Padraig’s legs are all bandaged and he is getting what looks like tons of pain killers. Despite all that, he eats and drinks well – and really enjoys the ice cream. It’s still roasting in Munich.

We get word that we should be able to move to Burgau next week for rehabilitation. I’ve lost count on the amount of times we packed the car with millions of bags and moved them to another place in the past few weeks. Luckily, this time it’ll only be about an hours drive.

Day 3, Friday

Taking bandages off, standing on both feet, resting, short physio session. A bit of a routine settles in. It’s still hot and even if it cools down outside during the night, that doesn’t make much of a difference here inside the room.

I am remembering that Germans don’t do cereals – and if they do, they don’t know what to do with them. Asking for a portion of porridge or cornflakes of Wheetabix here in the Fatherland is like asking for steak tartare in Ireland. You wouldn’t know what they’d make out of it.

Can you spot the breakfast portion of cereal they sent up for Pádraig in this picture? I mean, lads come on: this if a tub for marmalade, not for cereal!

Day 4, Saturday

Weekends are quiet. Especially on Ascension Day in Bavaria. It’s a public holiday and all shops are closed. But visiting hours are four instead of just two hours. We decide to do a bit of a physio session ourselves, stand Pádraig up.

We get him dressed and go out for a walk in the park trying to find an ice-cream shop.

In the evening, we watch movies – the end of ‘Arrival’, a movie I liked before but now watch in a completely different way. “If you knew the future, would you do it anyway?” – is the central question of the movie for me know. And a resounding “yes” is the answer. We start watching “In Bruges”, one  Pádraig’s favourites. I think he knows the dialogue by heart.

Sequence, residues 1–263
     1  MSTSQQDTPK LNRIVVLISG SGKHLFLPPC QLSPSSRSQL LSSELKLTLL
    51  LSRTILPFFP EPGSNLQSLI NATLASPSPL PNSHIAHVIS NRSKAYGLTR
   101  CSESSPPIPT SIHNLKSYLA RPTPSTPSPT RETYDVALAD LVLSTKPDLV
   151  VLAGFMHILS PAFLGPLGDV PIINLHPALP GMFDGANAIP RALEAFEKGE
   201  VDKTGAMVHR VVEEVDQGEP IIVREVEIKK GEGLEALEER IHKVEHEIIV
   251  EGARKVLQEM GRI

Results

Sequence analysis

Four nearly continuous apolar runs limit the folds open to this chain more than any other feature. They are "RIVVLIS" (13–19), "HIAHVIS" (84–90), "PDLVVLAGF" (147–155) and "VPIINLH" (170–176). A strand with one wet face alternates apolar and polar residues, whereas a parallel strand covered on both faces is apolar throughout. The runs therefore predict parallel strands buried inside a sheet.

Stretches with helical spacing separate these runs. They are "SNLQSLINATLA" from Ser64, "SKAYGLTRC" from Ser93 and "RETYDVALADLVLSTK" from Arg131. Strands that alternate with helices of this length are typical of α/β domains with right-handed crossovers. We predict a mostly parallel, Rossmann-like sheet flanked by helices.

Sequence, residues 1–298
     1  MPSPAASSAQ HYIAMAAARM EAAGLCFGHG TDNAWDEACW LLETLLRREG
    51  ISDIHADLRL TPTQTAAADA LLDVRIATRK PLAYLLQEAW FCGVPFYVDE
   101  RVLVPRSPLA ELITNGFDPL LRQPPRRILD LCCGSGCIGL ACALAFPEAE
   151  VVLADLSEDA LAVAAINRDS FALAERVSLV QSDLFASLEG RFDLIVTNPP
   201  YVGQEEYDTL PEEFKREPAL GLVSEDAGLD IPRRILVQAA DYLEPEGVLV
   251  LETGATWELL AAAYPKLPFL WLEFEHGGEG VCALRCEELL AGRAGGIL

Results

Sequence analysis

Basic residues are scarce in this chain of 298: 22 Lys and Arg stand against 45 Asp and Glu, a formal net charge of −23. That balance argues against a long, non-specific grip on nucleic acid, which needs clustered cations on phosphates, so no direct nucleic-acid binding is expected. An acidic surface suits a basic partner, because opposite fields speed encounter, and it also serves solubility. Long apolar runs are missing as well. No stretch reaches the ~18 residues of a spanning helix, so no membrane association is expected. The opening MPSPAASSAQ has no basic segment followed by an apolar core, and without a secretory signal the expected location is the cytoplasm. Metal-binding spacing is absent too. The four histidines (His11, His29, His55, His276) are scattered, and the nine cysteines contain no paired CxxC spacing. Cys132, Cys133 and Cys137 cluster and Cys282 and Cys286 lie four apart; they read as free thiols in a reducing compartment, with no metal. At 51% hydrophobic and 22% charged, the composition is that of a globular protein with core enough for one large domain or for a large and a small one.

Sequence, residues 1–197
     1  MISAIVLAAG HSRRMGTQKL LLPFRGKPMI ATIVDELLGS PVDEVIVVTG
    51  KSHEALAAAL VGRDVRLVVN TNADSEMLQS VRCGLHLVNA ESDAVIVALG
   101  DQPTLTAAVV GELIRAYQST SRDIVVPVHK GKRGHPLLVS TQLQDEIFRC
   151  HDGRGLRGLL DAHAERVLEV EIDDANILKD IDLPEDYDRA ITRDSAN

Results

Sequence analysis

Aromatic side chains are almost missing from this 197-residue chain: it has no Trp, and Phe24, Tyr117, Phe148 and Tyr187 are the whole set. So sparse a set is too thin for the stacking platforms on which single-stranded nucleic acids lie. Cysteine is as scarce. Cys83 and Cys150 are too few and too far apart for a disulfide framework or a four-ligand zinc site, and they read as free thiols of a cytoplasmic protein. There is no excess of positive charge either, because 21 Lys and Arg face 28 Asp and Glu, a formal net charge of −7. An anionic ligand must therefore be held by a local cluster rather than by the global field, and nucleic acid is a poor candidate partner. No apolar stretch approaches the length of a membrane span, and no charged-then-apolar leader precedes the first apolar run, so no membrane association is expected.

We’ll most likely be here for another few days. We’ll go for another walk tomorrow. We’ll watch the end of that movie. Buy another ice-cream. We will even continue with some gentle physio. Life is not that bad (it has the occasional setbacks) and always has happy, even funny, moments.

I want to say a big, big THANK YOU to all of you who are always asking, and especially over the past week, how he was doing, who were thinking of him, sent good wishes, crossed fingers, lighted candles, prayed, sent good vibes, encouraging messages. Without that shared energy and the fundraising so many people organised, summer coffee mornings, wintersongs, school cake sales, dusk to dawn tennis, Mongolian rallies, a (barefoot for some) climb up to Croagh Patrick that had to be cancelled at the last minute because of COVID, a mindful solitary walk over many weeks during COVID, personal and family support, and much more – we could never have done what we could do to get Pádraig the treatment that he needs so desperately for his hip and legs. He is a trailblazer and so are you. Showing the world that live and living with a severe acquired brain injury is possible. That obstacles and setbacks can be overcome. Together.